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  1. Solar Abundances A. A. Norton In 1800’s, Fraunhofer discovered dark lines in solar spectrum. Kirchoff & Bunsen in the 1850’s found that when chemicals were heated, they emitted at the wavelengths coinciding with the solar spectral signature. Henry Russell quantified solar abundances of 56 elements using eye estimates of line intensities, 1929 (using the Saha equation and the curve of growth). In 1929, Cecilia Payne showed that almost all middle aged stars have the same composition as the Sun. (As an aside...Hydrogen fusion was only suggested as the energy source of stars ~1900. Arthur Eddington popularized fusion in 1910-1920. If this were a century earlier, we’d be in crazy outfits arguing about what fuels the Sun. )

  2. Nucleosynthesis Big Bang: The observed abundances of H, He and Li are consistent with the photon to baryon ratio assumed in the Big Bang. % by mass: 75 H, 24 He, 0.01 Li Stellar Nucleosynthesis: The burning of the lighter elements - H, He, C, Ne, O, Si, and the CNO cycle. Explosive Nucleosynthesis - Supernova: produces the elements heavier than Fe. (This image is Kepler’s SN 1604 - composite image from Chandra, Spitzer and Hubble.) Cosmic Ray Spallation: Produces light elements 3He, Li, Be and B as a result of cosmic rays impacting the interstellar medium.

  3. Units -- The Tower of Babel • Parts per billion by weight (mg of Element/1000 kG) • Mass fractions often quoted X - hydrogen, Y - helium, • Z - heavy elements. Z/X or Y/X values often cited. • Parts per billion by atoms (# atoms of Element/billion atoms) • Solar uses the logarithmic astronomical scale - the # of Hydrogen atoms is assumed to be 1012. • A(H) = log n(H) = 12 dex • A(El) = log (El) = log [n(El)/n(H) ] + 12 • Cosmochemical scale normalizes using the number of Silicon atoms to be 106.

  4. Elemental abundances: Solar Photosphere vs Meteorites (CI*) Meteorites are the oldest solar system objects studied in the lab. Can use 87Rb with a 4.8 x 1010 year half life and it’s daughter 87Sr to determine age. *C1 are carbonaceous chondrites that have undergone no or little heating. Values from Asplund, Grevesse, & Sauval, 2005

  5. Why abundances are important -- The Standard Solar Model (SSM) Assumptions: 1 solar mass, zero age, initial homogenous chemical composition. Equations: Laws of mass, momentum and energy conservation + energy transport and nuclear reactions. Run time: Model is allowed to evolve to current solar age. Crucial: Results need to match observed solar luminosity, radius and mass. The model should reproduce the observed surface composition.* Abundances: Observed surface values assumed to be the initial solar chemical composition. Excepting -H, Li, Be & B -- affected by nuclear burning and diffusion He which is a free parameter and is not observed in photosphere. Astrophysics Importance: Stellar evolutionary calculations are calibrated with respect to the SSM.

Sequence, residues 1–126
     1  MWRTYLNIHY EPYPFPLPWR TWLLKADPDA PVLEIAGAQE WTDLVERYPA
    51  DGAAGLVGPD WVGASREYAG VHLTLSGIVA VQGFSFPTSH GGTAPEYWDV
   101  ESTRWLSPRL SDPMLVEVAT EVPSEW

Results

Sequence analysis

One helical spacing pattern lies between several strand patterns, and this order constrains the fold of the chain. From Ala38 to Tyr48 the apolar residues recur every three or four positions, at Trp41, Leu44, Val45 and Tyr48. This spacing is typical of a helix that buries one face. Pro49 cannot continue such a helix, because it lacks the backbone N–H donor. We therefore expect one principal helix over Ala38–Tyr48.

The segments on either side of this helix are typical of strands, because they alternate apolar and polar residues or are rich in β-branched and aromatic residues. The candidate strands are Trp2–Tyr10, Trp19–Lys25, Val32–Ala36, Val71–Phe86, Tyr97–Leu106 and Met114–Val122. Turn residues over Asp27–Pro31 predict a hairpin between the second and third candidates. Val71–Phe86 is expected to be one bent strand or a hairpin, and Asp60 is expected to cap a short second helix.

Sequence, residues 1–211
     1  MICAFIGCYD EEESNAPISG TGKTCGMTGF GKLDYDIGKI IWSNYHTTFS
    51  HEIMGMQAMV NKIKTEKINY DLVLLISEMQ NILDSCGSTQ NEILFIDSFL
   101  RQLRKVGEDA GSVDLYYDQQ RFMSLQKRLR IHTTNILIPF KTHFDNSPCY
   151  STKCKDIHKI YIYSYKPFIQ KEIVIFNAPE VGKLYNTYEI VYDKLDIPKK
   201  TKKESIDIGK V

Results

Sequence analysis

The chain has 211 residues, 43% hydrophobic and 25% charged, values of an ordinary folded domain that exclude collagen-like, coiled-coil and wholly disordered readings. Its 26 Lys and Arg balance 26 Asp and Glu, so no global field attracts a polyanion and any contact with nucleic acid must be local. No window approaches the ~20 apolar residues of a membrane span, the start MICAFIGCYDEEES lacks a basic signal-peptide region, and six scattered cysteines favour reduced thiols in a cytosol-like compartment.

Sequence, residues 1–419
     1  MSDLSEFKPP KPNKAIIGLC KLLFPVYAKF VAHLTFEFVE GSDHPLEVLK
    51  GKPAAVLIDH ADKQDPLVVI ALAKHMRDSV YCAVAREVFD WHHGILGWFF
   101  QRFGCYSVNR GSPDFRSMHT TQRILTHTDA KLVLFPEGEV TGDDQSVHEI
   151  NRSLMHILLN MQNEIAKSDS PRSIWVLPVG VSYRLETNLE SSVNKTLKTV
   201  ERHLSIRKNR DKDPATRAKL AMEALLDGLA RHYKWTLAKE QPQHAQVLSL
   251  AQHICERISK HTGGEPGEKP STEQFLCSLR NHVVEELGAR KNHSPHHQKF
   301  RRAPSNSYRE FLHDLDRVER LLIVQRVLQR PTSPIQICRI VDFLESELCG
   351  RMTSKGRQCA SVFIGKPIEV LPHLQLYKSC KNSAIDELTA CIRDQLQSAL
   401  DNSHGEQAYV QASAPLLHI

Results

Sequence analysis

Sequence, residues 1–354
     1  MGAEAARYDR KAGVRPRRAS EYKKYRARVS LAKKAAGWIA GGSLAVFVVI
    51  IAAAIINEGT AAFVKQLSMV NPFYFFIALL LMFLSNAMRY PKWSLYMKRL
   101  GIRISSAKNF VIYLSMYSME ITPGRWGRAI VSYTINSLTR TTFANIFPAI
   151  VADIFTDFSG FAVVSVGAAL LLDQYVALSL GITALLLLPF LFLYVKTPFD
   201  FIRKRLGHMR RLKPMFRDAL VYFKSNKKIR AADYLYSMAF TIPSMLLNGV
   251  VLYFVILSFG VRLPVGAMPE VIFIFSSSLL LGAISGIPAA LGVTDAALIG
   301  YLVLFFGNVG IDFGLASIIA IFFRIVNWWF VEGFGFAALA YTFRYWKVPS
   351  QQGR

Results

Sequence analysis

6. Uncertainties/Areas for Improvement Uncertainties: Opacities add 10-20% of the uncertainty in the solar model. The other uncertainties include nuclear reaction cross sections values & the elemental abundances. Areas for Improvement: Add convection, rotation, magnetic fields, account for element diffusion. (Note: Solar Model becomes Non-Standard when these are added.) Along came Helioseismology: The Standard Solar Model was able to reproduce the radius, mass and luminosity to within 0.1% fairly easily which didn’t motivate additional research. Then along came helioseismology and was able to measure oscillation frequencies to within hundreds of a %. The solar model now had a more stringent set of observations to satisfy.

  7. What are the current dilemmas in solar abundance research? Helium: Not present in photospheric spectrum and is largely lost by meteorites. Values must be inferred from the corona or the solar wind, but these have large uncertainties (lines formed in non-LTE). Best to use models to get He abundance. Lithium, Beryllium & Boron:Can all be burned by nuclear processes. Li at ~2.5 x 106 K. Be at 3 x 106 K. Li is depleted by 160 whereas Be and B are not depleted. Evidence of the depth of the convection zone! It appears the the solar convection cell has reached deep enough to burn Li, but not Be and B. Neon, Argon:Not present in photospheric spectrum and lost by meteorites so there is uncertainty in the values. Carbon, Nitrogen, Oxygen: These elements are lost by meteorites but are found in the photosphere. Their abundances are dependent upon the treatment of the atmospheric conditions - LTE or non-LTE. Oxygen is also a reference line for Ne and Ar, so if it’s abundance is changed then the abundances of Ne and Ar also scale up or down.